However, many IT teams didn't make the knowledge upgrade - or just did not see the value in MDM, says McSherry.

"Prior to the pandemic, no one wanted to talk about mobility. It was an after-thought in a lot of cases, or a 'nice to have'. There was a gap in knowledge about what MDM can do, what the full features are. And because people still call it MDM instead of UEM, many don't realise it's not just about phones."

"There are two main reasons so many Australian companies have not adopted an MDM solution. Either they do not perceive mobile devices are a significant risk to the business or they don't realise the automation features that MDM provides to greatly reduce IT workload."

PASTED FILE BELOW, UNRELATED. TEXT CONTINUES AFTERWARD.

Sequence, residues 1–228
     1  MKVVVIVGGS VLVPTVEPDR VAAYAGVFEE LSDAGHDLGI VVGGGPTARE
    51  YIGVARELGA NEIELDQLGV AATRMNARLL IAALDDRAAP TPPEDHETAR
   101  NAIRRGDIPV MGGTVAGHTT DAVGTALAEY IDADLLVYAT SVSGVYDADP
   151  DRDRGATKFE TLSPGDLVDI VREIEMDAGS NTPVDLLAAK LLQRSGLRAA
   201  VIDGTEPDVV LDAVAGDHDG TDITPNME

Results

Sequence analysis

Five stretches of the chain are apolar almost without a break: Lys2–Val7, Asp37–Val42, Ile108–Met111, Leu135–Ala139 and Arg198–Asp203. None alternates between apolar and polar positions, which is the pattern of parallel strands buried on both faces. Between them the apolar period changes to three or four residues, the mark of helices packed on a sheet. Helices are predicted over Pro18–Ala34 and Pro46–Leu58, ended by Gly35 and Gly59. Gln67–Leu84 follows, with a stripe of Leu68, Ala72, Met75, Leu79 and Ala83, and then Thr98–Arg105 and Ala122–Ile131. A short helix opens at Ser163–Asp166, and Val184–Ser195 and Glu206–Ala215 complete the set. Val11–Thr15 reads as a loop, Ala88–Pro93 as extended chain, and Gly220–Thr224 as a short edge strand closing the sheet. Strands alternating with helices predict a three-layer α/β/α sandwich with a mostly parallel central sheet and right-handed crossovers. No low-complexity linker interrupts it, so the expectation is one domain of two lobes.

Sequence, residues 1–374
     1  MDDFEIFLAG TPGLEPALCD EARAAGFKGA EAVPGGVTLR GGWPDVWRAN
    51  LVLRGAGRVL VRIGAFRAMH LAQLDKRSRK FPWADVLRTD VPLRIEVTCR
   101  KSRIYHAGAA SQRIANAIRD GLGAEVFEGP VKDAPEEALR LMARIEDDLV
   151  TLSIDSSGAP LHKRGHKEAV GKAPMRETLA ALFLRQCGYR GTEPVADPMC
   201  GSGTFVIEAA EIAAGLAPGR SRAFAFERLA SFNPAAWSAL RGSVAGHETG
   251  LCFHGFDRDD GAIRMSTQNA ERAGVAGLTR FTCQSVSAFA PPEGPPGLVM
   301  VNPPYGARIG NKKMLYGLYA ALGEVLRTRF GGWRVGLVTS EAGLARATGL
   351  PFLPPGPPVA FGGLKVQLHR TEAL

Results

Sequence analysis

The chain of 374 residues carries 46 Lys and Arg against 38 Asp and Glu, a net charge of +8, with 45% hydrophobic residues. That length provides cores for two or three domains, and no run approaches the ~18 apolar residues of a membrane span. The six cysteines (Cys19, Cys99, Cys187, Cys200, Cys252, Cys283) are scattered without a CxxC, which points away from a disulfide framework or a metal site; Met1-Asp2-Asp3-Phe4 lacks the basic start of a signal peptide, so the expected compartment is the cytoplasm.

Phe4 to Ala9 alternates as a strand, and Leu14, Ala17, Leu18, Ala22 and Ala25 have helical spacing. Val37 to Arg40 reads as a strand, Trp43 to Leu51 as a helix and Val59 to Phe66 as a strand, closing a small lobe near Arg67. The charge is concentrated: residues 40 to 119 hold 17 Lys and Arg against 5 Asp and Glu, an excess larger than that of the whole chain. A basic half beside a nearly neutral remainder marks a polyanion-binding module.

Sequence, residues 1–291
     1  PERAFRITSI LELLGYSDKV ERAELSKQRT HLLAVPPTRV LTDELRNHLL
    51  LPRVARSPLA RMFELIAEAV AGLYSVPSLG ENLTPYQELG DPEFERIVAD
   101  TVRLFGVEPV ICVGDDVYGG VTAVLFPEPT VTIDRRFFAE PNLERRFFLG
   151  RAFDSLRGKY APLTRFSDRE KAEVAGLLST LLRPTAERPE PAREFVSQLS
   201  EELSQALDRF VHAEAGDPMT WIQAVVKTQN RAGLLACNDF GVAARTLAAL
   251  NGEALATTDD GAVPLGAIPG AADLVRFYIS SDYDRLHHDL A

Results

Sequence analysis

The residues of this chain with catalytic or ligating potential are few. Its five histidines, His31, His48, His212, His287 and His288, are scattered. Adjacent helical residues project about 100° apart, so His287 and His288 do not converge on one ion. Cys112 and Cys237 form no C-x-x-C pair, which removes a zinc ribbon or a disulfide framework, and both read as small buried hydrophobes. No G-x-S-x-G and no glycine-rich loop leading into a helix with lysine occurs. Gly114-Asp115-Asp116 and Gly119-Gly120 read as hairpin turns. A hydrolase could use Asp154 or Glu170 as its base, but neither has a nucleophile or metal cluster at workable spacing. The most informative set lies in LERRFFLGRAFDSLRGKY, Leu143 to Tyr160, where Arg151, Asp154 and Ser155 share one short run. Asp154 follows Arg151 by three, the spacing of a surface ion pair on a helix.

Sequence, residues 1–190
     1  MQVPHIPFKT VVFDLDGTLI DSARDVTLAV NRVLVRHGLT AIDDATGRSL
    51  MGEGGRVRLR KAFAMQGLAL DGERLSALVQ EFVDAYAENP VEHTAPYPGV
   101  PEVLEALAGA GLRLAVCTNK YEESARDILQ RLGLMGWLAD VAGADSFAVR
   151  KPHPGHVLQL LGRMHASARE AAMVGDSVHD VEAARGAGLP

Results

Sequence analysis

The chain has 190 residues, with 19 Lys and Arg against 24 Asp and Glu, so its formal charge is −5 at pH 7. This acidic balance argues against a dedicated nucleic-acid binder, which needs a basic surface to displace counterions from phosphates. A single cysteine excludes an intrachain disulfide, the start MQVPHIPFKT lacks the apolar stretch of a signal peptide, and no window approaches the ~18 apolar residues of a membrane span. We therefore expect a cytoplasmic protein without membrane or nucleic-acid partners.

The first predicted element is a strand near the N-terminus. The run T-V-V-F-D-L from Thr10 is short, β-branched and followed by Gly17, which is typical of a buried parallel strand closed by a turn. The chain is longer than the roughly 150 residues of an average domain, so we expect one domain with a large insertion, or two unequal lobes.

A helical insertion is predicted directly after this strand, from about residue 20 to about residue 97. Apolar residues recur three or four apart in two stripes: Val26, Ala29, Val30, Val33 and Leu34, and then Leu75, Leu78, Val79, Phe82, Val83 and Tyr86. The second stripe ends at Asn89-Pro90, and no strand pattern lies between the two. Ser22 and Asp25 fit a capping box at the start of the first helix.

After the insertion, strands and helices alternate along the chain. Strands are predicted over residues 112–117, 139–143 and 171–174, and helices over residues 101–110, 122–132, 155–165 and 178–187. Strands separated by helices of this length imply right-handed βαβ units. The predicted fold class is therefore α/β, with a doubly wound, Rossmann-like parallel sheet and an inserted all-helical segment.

remote collaboration

 

What is the danger in ignoring mobile device management?

There are clear risks which arise when mobile devices are not managed says McSherry. There are also IT efficiencies that are not being realised. 

Depending on the number of devices in an organisation, these risks may not have been considered significant. But then we never had everyone working remotely before. 

The dangers of not having an MDM solution in place to cover laptops, tablets and phones are fast becoming obvious in the Covid-19 working-from-home world. These dangers include:

  • no means of rapidly configuring and deploying new devices to employees
  • an inability to update or push new applications -like maybe that video conferencing or IM app
  • an inability to deliver security patches or ensure the most recent OS updates have been installed
  • no way of locking or wiping a device that is lost or stolen